The mushroom cultivator. A practical guide to growing mushrooms at home

Paul Stamets. The mushroom cultivator. A practical guide to growing mushrooms at home. - Agarikon press, 1983

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Содержание

FOREWORD by Dr. Andrew Weil

PREFACE

I. INTRODUCTION TO MUSHROOM CULTURE

II. STERILE TECHNIQUE AND AGAR CULTURE

III. GRAIN CULTURE

IV. THE MUSHROOM GROWING ROOM

V. COMPOST PREPARATION

VI. NON-COMPOSTED SUBSTRATES

VII. SPAWNING AND SPAWN RUNNING IN BULK SUBSTRATES

VIII. THE CASING LAYER

IX. STRATEGIES FOR MUSHROOM FORMATION (PINHEAD INITIATION)

X. ENVIRONMENTAL FACTORS: SUSTAINING THE MUSHROOM CROP

XL GROWING PARAMETERS FOR VARIOUS MUSHROOM SPECIES

XII. CULTIVATION PROBLEMS AND THEIR SOLUTIONS: A TROUBLESHOOTING GUIDE

XIII. THE CONTAMINANTS OF MUSHROOM CULTURE: IDENTIFICATION AND CONTROL

XIV. THE PESTS OF MUSHROOM CULTURE

XV. MUSHROOM GENETICS

APPENDICES

GLOSSARY

BIBLIOGRAPHY

INDEX

PHOTOGRAPHY AND ILLUSTRATION CREDITS

ACKNOWLEDGEMENTS

OCR
78/The Mushroom Cultivator
he purpose of composting is to prepare a nutritious medium of such characteristics that the
growth of mushroom mycelium is promoted to the practical exclusion of competitor organisms. Specifically this means:
1. To create a physically and chemically homogeneous substrate.
2. To create a selective substrate, one in which the mushroom mycelium thrives better than
competitor microorganisms.
3. To concentrate nutrients for use by the mushroom plant and to exhaust nutrients favored by

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competitors.

4. To remove the heat generating capabilities of the substrate.
Mushroom mycelium grows on a wide variety of plant matter and animal manures. These
materials occur naturally in various combinations and in varying stages of decomposition. Physically
and chemically they are a heterogeneous mixture containing a wide variety of insects, microorganisms and nematodes. Many of these organisms directly compete with the mushroom mycelium for
the available nutrients and inhibit its growth. By composting, nutrients favored by competitors gradually diminish while nutrients available to the mushroom mycelium are accumulated. With time, the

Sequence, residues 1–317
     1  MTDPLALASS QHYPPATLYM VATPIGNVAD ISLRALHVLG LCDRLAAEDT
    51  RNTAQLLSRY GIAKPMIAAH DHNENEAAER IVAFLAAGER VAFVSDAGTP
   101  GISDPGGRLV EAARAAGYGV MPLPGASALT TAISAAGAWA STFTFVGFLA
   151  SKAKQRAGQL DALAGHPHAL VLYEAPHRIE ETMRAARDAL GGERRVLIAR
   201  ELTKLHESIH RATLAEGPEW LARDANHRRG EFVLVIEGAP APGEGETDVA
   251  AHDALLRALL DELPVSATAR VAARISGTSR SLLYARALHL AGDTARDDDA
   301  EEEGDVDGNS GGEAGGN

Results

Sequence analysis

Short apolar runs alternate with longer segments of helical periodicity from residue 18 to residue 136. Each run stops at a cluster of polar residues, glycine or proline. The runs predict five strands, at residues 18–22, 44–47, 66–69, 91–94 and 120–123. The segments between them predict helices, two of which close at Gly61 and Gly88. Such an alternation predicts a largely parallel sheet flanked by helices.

substrate becomes specific for the growth of mushrooms.
The composting process is divided into two stages, commonly called Phase I and Phase II.
Each stage is designed to accomplish specific ends, these being:
Phase I: Termed outdoor composting, this stage involves the mixing and primary decomposition of the raw materials.
Phase II: Carried out indoors in specially designed rooms, the compost is pasteurized and
conditioned within strict temperature zones.

PHASE I COMPOSTING
Basic Raw Materials

The basic raw material used for composting is cereal straw from wheat, rye, oat, barley and rye

grass. Of these, wheat straw is preferred due to its more resilient nature. This characteristic helps
provide structure to the compost. Other straw types, oat and barley in particular, tend to flatten out
and waterlog, leading to anaerobic conditions within a compost pile. Rye grass straw is more resistant to decomposition, taking longer to compost. Given these factors and with proper management,
all straw types can be used successfully.
Straw provides a compost with carbohydrates, the basic food stuffs of mushroom nutrition.
Wheat straw is 36% cellulose, 25% pentosan and 1 6% lignin. Cellulose and pentosan are carbohydrates which upon break down yield simple sugars. These sugars supply the energy for microbial
growth. Lignin, a highly resistant material also found in the heartwood of trees, is changed during
composting to a "Nitrogen-rich-lignin-humus-complex", a source of protein. In essence, straw is a
material with the structural and chemical properties ideal for making a mushroom compost.

When cereal straw is gathered from horse stables, it is called "horse manure". Although cultivators call it by this name, the material is actually 90% straw and 1 0% manure. This "horse manure" includes the droppings, urine and straw that has been bedding material. The quality of this

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